If you grew up watching, Martin you know that he is chill deficient. The fictional Martin Payne navigated his late 20’s/early 30’s with absolutely no sense whatsoever. The silly antics, relationship drama, radio shenanigans and foolish friends made for a perfect 90’s sitcom. Even in it’s rerun glory, you won’t find an ounce of educational value. Actually, I take that back. There are a few lessons to take note from Martin’s insane adventures in Detroit. One episode in particular is a cautionary tale for entrepreneurs.
Martin had just been fired from his job as on-air host at WZUP. And, unfortunately his local celebrity wasn’t enough to get him back into the workforce. As he hunts for the next opportunity, Martin takes a brief stab in season three at becoming an entrepreneur. He recruits “Brotherman” (or Bruh-man, for short) to be his business partner in a get rich quick scheme on the night of Whitney Houston’s concert. The ultimate goal in Martin’s own words was to “get paid”.
Martin left home confident and returned with defeat.
"Babe that's Bruh Man in a bad wig" pic.twitter.com/9fUkr43J9j
— GirlTyler (@sheistyler) January 26, 2016
Ah yes, the “Whitty Huton Wuld Toor”. I had forgotten about this infamous scene. It will totally go down as one of the best (right next to the Jodeci and Varnell Hill moment). I hadn’t put much though into Martin’s job loss until I viewed this episode again recently. The scene, purely for entertainment value is actually familiar for just about any entrepreneur. What seemed like a great idea, didn’t exactly go as planned. It happens each and every day. Trust and believe every eager innovator has some form of a “Whitty Huton” shirt. Business deals turned sour. Products that flopped. Poor partnerships. Low sales. It’s not that the idea was bad per se, more about the fact that unforeseen circumstances will arise.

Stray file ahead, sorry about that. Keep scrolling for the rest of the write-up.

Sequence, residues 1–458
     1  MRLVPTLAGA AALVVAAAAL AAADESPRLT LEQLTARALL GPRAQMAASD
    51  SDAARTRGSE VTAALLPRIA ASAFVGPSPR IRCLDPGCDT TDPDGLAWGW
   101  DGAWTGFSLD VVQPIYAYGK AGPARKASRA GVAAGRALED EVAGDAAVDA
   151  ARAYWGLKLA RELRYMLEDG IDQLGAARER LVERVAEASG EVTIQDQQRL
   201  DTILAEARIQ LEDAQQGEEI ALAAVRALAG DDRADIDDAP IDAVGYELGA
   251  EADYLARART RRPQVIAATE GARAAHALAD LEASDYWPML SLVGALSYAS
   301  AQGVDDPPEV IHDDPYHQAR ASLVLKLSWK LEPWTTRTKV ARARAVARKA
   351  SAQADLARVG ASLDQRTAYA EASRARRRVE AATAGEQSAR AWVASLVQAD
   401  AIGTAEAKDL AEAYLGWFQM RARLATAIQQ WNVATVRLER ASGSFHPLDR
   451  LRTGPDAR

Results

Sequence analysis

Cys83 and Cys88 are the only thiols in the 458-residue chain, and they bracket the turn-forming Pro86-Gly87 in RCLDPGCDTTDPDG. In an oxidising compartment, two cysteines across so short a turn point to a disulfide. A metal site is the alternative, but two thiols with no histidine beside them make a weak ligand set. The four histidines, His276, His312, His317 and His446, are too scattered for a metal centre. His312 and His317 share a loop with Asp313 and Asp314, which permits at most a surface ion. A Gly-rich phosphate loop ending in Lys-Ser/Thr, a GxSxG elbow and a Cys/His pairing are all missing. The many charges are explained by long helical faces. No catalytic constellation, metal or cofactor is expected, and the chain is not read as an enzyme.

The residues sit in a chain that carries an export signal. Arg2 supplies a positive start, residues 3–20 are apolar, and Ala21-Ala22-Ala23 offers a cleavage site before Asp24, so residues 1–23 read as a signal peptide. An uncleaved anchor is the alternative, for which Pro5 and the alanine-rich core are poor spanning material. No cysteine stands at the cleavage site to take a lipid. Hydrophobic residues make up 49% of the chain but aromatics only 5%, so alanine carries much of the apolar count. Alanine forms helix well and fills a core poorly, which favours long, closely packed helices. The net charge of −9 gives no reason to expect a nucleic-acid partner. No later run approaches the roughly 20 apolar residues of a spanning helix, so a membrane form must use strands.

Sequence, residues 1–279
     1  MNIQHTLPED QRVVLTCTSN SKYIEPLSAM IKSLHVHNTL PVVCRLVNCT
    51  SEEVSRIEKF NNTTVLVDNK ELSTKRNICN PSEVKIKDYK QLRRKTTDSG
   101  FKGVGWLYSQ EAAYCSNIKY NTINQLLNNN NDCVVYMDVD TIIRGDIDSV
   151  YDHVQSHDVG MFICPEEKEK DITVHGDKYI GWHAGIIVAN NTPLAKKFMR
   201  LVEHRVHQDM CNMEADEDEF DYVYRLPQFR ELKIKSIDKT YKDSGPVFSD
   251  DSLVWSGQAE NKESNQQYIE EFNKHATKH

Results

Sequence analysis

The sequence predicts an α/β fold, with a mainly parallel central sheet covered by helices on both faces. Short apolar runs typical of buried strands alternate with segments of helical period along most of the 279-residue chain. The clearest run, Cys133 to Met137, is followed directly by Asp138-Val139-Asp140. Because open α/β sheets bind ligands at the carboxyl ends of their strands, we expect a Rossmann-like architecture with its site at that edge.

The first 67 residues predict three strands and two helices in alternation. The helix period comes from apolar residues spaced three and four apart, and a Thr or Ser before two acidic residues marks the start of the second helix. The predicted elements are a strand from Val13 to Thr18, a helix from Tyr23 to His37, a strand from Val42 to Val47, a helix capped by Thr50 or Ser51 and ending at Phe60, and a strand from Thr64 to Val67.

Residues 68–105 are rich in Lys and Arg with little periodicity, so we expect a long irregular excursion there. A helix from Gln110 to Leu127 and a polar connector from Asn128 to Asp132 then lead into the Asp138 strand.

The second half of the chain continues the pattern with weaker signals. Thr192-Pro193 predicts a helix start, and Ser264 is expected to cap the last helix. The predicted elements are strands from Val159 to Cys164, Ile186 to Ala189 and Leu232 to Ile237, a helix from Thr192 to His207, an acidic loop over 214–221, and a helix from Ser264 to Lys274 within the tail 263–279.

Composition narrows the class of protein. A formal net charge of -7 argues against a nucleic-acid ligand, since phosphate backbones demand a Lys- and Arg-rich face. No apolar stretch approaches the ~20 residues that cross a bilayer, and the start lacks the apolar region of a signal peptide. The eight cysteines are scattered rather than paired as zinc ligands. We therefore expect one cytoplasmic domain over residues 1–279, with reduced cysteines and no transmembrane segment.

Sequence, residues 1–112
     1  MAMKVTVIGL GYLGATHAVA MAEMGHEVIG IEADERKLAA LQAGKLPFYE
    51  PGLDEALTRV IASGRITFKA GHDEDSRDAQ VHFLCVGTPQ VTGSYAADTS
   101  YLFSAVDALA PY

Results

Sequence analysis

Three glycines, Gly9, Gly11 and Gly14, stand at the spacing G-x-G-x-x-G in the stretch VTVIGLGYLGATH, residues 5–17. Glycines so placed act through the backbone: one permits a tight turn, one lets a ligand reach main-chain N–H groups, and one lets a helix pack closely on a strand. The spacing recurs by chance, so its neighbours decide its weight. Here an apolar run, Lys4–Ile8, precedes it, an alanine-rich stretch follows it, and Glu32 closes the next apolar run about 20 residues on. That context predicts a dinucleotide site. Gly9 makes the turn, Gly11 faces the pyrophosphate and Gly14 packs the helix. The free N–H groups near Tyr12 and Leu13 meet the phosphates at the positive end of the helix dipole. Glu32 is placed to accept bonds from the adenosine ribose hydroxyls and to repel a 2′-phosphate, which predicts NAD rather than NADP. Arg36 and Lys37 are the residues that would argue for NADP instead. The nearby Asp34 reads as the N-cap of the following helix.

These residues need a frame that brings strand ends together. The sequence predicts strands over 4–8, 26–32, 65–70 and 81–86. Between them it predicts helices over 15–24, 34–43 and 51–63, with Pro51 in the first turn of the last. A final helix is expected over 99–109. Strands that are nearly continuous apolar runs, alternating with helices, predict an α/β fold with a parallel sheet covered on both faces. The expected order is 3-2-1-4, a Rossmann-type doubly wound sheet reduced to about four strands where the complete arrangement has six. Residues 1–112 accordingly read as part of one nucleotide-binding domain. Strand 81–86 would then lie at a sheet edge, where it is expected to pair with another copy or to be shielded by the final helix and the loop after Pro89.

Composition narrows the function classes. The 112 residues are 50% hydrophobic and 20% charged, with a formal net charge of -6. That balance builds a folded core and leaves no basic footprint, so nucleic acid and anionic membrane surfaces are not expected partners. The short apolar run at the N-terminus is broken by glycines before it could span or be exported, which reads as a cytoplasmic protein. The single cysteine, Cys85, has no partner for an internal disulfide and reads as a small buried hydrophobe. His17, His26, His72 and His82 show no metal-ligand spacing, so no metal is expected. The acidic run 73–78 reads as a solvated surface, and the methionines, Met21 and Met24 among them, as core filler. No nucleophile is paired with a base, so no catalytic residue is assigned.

Let’s study scene. Martin is out of work and desperate for cash. In his despair, he needs a quick way to make money. His idea of compensation is far from fool proof. Selling t-shirts seemed easy enough. Print, sell, cash in hand. A simple money machine is often too good to be true. He did not research the market, oversee production or fully utilize his resources. Gina warned him that distributing goods at a public place required a permit. Out of his eagerness, Martin did not consider any associated risks. One of the biggest risks he took was Brotherman.
Why go into business with someone who claims to live on the fifth floor using four fingers to describe the location of his residence?
Fortunately, Martin returned without getting caught, leaving his business partner in the wind. However, he lost two valuable components of entrepreneurship: money and time. If only he had spent time thoroughly creating a business plan, he would have likely had more success. The t-shirts didn’t work in his favor, but one fiasco didn’t diminish his talent. In the midst of this low moment in his life, Martin couldn’t see what was on the horizon. A bigger opportunity. That being, a television host gig. He went back to the drawing board, submitting a pilot for his own talk show. His circumstance quickly turned around in a way he hadn’t imagined for himself.
The same goes for your ideas. Some will work. Others won’t. What matters is how you advance yourself to what will work in your favor. Every idea seems good in theory, only execute them in good faith and not out of impulse. Be intentional and never allow a lack of resources (or inadequate business partners) impede your projects. Once you print a few “Whitty Huton” shirts, you’ll immediately realize which strategies work best for you. Mistakes and time are the greatest teachers.
Get paid by being thorough.
Check out the full scene.